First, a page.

During the appeal trial, ECCENTRIC SRL argued inadequacy of the decision by demonstrating following facts.

  • ECCENTRIC SRL is a legitimate successor of trademark rights owned by Romeo Gigli as a consequence of mandatory handover resulting from bankruptcy of company managed by Romeo Gigli irrespective of his intention. Under the circumstance, it is almost impossible to obtain a written consent from him.
  • In the meantime, ECCENTRIC SRL has already obtained trademark registrations for the word mark “ROMEO GIGLI” in several jurisdictions.
  • Besides, ECCENTRIC SRL is a current registrant of Japanese TM registration no. 2061302 for identical wordmark in Class 4,18,21 and 26.
  • There has been no single complaint from consumers, traders or Romeo Gigli in person.

ECCENTRIC SRL alleged that the above facts shall amount to having obtained an implicit consent from Romeo Gigli in fact. Thus, disputed mark shall be allowed for registration even without a written consent in the context of purpose of the article.

The Appeal Board dismissed the appeal, however, and sustained the examiner’s decision by saying that trademark registrations in foreign countries shall not be a decisive factor in determining registrability of disputed mark under Article 4(1)(viii) in Japan. Absence of complaint from Romeo Gigli shall not be construed that he has consented to register his name in the territory of Japan explicitly or implicitly.

Unless applicant produces evidence regarding a consent from Romeo Gigli otherwise, disputed mark shall be refused to register based on Article 4(1)(viii) of the Trademark Law.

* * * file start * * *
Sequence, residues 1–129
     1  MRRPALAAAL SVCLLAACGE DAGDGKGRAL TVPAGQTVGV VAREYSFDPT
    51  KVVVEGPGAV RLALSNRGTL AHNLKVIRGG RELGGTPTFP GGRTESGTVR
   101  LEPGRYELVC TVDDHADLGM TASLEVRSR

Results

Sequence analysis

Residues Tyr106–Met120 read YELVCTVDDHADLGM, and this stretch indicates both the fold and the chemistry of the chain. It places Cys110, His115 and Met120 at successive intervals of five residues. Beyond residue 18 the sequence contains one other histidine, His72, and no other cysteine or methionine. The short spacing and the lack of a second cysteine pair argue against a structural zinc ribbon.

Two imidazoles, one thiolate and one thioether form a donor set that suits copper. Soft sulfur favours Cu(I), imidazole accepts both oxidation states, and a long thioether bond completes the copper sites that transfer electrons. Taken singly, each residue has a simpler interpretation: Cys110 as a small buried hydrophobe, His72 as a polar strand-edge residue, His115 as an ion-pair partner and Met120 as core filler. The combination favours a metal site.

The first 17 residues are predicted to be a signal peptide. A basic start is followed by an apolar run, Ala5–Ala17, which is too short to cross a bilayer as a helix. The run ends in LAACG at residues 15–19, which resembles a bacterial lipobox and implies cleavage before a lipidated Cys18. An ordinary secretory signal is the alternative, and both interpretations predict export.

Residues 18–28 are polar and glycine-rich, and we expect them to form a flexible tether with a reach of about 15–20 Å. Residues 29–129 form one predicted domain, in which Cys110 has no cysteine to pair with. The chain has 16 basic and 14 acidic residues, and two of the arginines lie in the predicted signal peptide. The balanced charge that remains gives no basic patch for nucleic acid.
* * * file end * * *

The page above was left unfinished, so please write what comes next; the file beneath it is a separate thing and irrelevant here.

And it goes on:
According to the JPO database, ECCENTRIC SRL filed an appeal against the Board decision to the IP High Court in November 2017. The Court decision will be rendered within a couple of months.


Masaki MIKAMI, Attorney at IP Law – Founder of MARKS IP LAW FIRM

 

IP High Court admitted high reputation of Red Bull mark in relation to automobiles as well

In a lawsuit disputing similarity of red-colored bull device marks, the IP High Court nullified the JPO decision in favor of Red Bull GmbH known for Red Bull energy drink, and ruled to invalidate TM registration no. 5664585 (Disputed Mark) on the ground that it is likely to cause confusion with the Red Bull Mark.
[Case no. Heisei29(Gyo-ke)10080,  Judgement date: December 25, 2017]

Disputed Mark, filed on October 4, 2013 by designating various goods for automobiles in class 1,3,4 and 5, e.g. detergent additives to gasoline, was registered on April 18, 2014 by a Korean distributor dealing with goods related to automobiles. Prior to the appeal to the IP High Court, Red Bull was unsuccessful to attack Disputed Mark in an opposition and invalidation trial.